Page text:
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Friday, 24 August, 2001, 20:31 GMT 21:31 UK
Dying species 'endangering' Earth
Golden toads BBC
Recently succumbed to extinction: The golden toads of Costa Rica
By BBC News Online's environment correspondent Alex Kirby

A distinguished conservationist has rekindled the dispute about how many species are becoming extinct.

He is Dr Richard Leakey, formerly head of Kenya's civil service and earlier of its wildlife service.

Dr Leakey, speaking in South Africa, said the world was losing between 50,000 and 100,000 species every year.

He said this rate of extinction, twice the estimate he gave four years ago, was imperilling the planet.

Speaking in Cape Town, Dr Leakey said it was only the five earlier mass extinctions in the Earth's history, the last of which saw the death of the dinosaurs 65 million years ago, that had shown the same rate of loss.

"At that rate we are probably approaching a point similar to mass extinction", he said.

Dr Leakey argued that the environment must be seen as a basic human right, and preserving land and conserving its wildlife was an "absolute necessity".

Lower estimate

People had to decide exactly how much land should be given over to conservation.

In 1997, at a meeting of the United Nations' Convention on International Trade in Endangered Species (Cites), Dr Leakey gave a much lower estimate of the extinction rate.

Tiger cub in zoo AP
Some species may survive only in zoos
He said then: "Most of you know as well as I do that biologists and conservationists are operating from a position of ignorance.

"We don't actually know how many species there really are on the planet, let alone on the African or any other continent.

"The rate of extinctions is also unknown. Scientists suggest that there are somewhere between 10 and 100 million species on the planet."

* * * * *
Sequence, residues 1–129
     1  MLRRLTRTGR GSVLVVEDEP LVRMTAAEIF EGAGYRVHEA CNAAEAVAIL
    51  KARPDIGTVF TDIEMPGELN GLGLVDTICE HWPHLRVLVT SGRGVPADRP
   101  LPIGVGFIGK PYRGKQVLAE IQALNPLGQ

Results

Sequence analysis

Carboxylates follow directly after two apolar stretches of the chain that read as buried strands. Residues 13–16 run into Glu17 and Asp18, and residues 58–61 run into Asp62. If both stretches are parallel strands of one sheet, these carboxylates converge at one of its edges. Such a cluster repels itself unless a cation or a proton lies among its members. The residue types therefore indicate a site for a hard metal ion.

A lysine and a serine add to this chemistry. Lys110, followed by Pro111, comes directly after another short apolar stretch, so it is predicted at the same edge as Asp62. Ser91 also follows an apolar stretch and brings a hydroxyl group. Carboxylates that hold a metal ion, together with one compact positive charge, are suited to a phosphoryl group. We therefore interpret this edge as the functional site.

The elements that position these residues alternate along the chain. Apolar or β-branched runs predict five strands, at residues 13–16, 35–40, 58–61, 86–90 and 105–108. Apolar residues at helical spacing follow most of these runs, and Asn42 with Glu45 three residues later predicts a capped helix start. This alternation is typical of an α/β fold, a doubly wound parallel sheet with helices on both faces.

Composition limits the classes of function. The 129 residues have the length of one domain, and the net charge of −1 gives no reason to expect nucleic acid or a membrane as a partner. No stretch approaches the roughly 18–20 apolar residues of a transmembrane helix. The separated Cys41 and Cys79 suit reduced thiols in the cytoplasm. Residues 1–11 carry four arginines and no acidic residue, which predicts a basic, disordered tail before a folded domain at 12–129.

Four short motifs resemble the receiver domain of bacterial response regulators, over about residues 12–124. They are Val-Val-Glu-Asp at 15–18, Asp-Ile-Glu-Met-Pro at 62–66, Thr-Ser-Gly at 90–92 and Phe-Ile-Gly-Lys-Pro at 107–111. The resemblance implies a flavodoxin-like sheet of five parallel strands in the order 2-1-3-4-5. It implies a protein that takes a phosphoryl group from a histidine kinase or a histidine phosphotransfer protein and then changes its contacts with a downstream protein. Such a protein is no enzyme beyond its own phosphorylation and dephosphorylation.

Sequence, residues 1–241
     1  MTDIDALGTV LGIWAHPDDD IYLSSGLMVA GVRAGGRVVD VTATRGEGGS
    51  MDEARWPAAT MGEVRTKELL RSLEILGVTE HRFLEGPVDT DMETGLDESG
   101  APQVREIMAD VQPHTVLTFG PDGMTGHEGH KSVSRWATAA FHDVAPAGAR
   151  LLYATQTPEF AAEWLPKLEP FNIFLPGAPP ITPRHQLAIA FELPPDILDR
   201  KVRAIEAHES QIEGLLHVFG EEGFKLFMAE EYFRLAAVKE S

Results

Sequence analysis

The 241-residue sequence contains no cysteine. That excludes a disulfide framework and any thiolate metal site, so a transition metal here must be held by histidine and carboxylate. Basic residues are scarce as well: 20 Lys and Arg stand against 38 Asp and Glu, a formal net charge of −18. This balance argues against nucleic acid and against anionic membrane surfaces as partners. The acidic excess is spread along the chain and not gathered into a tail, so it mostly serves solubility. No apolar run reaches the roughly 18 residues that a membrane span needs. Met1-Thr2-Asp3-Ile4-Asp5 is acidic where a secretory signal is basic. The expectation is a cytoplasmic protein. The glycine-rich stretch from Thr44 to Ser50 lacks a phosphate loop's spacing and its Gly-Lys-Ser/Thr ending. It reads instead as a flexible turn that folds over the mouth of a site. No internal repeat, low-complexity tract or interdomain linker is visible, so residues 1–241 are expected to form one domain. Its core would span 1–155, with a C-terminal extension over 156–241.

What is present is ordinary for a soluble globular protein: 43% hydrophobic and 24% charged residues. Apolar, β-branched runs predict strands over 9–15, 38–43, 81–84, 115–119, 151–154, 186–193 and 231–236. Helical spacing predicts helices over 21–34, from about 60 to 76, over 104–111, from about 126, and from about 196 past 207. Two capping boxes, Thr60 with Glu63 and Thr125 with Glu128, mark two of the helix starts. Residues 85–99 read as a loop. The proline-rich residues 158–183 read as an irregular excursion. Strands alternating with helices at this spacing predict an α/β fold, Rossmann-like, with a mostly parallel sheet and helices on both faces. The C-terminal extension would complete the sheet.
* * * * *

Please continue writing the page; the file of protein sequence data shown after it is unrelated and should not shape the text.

Dr Leakey told Cites that it was the acceleration of species loss through human activities that was significant.

Unless the present trend was reversed, he said, the world could lose about 55% of its species over the next 50 to 100 years.

"Such rapid catastrophic losses to biodiversity have happened before, and these catastrophes have always had far-reaching consequences for the surviving species."

Last May, a report by the Swiss-based IUCN-World Conservation Union and Future Harvest, a Washington DC agricultural research group, said global wildlife faced the greatest extinction risk since the disappearance of the dinosaurs.

Estimates challenged

A 1998 survey of 400 scientists commissioned by New York's American Museum of Natural History found that nearly seven out of 10 of the biologists polled said they believed a "mass extinction" was under way.

Nearly all attributed the losses to human activity, especially the destruction of plant and animal habitats.

Some scientists say the actual extinction rate is almost certainly far lower than Dr Leakey is suggesting, and well below any cause for concern.

The evidence that species are disappearing is often circumstantial, but many experts believe it is gradually painting a clearer picture.

Caucasus beetle AP
Many threatened species are little-known
Craig Hilton-Taylor of IUCN told BBC News Online: "It's quite possible that we're approaching a sixth extinction, but it's hard to say for sure.

"In October 2000 IUCN published its Red List of threatened species, which also lists those known to have died out.

"The number listed as extinct doesn't tally with the predictions of people like Richard Leakey.

Continual increase

"But what may explain that is that there's a time-lag in the process. Some species are very hard to find.

"It may take several years of fieldwork before we can say whether they really are extinct. You have to wait to be sure.

"But the number of threatened species is growing all the time, and that shows there's a problem.

"Some of them could disappear quite rapidly. They're right on the brink."

See also:

20 Aug 01 | Sci/Tech
UN call to save key forests
08 May 01 | Sci/Tech
World wildlife warning
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